Do you know which is better, wind or solar power? Think carefully — there are many factors to consider. We’ll explain more in this article, so keep reading!

Ever wonder which is better, wind or solar power? Well, that’s a tough one, isn’t it?

When it comes to comparing multiple sources of energy production, there is a myriad of factors that need to be considered.

In this article, we will cover exactly that. If you want to know which is better, wind or solar power, you’re in the right place.

Keep reading to learn more about solar panels and wind turbines.

How Does Solar and Wind Energy Work?

Solar energy and wind energy, both generate electricity through the medium of using the sun and the wind, respectively. In simple words, that’s about it.

Anyhow, in a little more depth, solar energy generates the electrical current through the capture of the sun’s light. It makes use of a concentrated solar thermal system, which captivates the radiation of the sun, which then heats a liquid in the panel that is used to drive the heat engine, and drive the function of a generator.

But that’s not it. Solar energy can also make use of a Photovoltaic System, which employs the use of a solar PV cell that absorbs the sunlight and then knocks electrons loose. Once the electrons flow, the current is created, and then captured for transfer into wires for electricity deliverance.

Oddly enough, wind energy is another format for solar energy. The reason it exists and works are based on three concurrent principles that have to happen without fault:

  1. The sun heating the atmosphere at irregular intervals and locations.
  2. The earth is not a perfect geometrical figure with equal sides and a lack of irregularities.
  3. The earth is under constant rotation.

So with these three principles, a turbine can make use of the side-effects of the sun to produce energy via another medium of mechanical movement.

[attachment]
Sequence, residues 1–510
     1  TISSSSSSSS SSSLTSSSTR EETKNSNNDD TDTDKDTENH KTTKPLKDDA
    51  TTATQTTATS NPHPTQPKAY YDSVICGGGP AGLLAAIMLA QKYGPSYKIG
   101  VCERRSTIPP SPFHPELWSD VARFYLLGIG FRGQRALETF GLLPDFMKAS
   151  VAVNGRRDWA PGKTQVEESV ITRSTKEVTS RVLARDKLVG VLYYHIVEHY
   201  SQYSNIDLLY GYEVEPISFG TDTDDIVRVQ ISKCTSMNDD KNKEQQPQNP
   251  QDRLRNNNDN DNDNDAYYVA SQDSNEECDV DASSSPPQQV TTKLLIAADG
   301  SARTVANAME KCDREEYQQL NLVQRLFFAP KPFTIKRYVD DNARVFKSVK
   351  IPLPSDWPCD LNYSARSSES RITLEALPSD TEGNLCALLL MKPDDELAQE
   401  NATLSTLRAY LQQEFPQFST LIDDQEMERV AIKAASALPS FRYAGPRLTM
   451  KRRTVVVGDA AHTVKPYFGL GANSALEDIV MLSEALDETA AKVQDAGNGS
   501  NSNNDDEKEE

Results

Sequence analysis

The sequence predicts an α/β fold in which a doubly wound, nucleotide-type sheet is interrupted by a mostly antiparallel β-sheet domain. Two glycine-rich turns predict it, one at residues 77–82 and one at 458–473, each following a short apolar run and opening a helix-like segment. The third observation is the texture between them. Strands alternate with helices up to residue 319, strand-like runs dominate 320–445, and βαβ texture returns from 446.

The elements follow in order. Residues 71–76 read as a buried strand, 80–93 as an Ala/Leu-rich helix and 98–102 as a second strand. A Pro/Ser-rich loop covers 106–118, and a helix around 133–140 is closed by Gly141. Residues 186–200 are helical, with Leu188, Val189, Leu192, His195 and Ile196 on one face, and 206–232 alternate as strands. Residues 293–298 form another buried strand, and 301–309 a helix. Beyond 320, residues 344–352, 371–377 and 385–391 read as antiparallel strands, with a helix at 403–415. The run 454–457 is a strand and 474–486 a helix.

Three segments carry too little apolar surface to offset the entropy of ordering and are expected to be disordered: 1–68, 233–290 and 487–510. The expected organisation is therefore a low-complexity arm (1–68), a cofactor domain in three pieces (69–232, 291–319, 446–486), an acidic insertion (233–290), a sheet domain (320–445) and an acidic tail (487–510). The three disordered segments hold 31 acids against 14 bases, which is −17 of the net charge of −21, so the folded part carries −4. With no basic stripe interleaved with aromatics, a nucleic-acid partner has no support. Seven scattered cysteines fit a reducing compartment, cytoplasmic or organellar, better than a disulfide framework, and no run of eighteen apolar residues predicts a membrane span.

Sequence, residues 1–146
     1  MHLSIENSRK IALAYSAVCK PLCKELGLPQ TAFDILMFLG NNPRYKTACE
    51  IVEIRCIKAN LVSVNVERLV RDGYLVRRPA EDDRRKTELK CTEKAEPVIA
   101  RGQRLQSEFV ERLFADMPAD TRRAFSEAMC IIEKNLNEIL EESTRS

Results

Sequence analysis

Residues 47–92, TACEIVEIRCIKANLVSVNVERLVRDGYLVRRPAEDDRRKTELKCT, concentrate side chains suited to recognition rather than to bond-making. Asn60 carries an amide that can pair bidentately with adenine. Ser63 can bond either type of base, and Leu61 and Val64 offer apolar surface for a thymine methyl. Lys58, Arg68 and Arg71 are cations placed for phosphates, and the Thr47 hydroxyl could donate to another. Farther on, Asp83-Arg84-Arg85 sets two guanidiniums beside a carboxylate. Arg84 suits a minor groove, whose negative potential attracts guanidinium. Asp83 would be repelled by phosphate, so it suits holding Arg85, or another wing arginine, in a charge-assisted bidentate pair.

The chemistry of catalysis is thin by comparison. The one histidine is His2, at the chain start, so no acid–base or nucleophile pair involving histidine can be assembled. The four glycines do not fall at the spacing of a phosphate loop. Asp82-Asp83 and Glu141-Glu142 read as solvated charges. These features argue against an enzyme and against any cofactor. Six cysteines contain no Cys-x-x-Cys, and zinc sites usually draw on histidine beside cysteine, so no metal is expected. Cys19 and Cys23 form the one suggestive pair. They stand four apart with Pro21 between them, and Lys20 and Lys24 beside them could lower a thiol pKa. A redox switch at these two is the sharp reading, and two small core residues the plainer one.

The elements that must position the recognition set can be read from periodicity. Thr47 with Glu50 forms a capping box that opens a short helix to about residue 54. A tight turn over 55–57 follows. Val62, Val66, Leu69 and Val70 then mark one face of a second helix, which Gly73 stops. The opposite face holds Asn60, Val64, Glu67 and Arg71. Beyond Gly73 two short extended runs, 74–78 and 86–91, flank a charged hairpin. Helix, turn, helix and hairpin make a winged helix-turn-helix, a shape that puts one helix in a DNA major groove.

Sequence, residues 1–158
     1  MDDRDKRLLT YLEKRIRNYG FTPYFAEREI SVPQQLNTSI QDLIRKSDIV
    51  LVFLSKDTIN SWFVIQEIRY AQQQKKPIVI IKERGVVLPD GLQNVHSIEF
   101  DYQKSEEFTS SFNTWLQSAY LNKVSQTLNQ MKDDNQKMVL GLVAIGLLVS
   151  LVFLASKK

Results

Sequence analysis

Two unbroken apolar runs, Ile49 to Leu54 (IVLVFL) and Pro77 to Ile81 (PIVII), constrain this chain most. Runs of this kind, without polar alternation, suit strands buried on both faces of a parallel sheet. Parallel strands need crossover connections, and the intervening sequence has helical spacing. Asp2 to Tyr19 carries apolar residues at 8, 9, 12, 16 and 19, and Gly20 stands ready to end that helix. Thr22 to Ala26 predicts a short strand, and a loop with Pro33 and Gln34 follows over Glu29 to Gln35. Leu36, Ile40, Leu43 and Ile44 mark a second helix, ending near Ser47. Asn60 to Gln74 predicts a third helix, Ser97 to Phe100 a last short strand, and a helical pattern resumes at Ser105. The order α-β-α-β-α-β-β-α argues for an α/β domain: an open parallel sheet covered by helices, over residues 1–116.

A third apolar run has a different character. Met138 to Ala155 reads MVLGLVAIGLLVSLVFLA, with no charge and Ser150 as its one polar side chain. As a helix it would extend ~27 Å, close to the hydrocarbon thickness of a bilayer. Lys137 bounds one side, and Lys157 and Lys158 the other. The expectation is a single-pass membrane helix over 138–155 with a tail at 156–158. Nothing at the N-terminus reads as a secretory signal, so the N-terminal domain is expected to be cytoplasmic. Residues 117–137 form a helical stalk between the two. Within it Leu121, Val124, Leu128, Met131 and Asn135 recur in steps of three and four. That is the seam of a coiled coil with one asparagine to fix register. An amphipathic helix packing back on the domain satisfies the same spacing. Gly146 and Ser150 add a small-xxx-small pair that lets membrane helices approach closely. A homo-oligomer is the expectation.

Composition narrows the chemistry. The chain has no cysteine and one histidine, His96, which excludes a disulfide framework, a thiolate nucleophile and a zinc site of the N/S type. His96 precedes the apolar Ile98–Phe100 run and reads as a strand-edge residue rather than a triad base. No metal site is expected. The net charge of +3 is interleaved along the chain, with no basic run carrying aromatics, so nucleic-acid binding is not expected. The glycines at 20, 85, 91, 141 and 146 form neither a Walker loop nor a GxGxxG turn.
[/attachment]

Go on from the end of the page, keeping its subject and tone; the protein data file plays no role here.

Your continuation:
The Types of Solar Energy Systems

As mentioned prior, solar energy comes in the forms of Solar Heating and Cooling & Photovoltaic. So let’s take a look at both in a little bit more detail.

Solar Heating & Cooling

Space cooling, space heating, water heating are the primary utility usages of most homeowners. SHC is an affordable solution to the traditional format of gas, and electric space cooling and heating in the home. But it can also be used, to heat water outside.

SHC employs the function of thermal collectors, which use heat to generate power rather than electricity. The solar collector consists of a flat plate, evacuated tube, air collector, and trough.

Photovoltaic

PV is the most common of the solar system, as well as the one most know about. It is applied in residential areas to take direct energy from the sun and convert it into electricity for the powering of all appliances and necessities within the home.

It can be used for lighting, cooling, heating, appliances, and practically anything that requires electricity.

The Types of Wind Energy Systems

Now what we certainly didn’t speak about are the two forms of the wind energy systems. And they are categorized into horizontal-axis and vertical-axis, as representing the form of their turbines.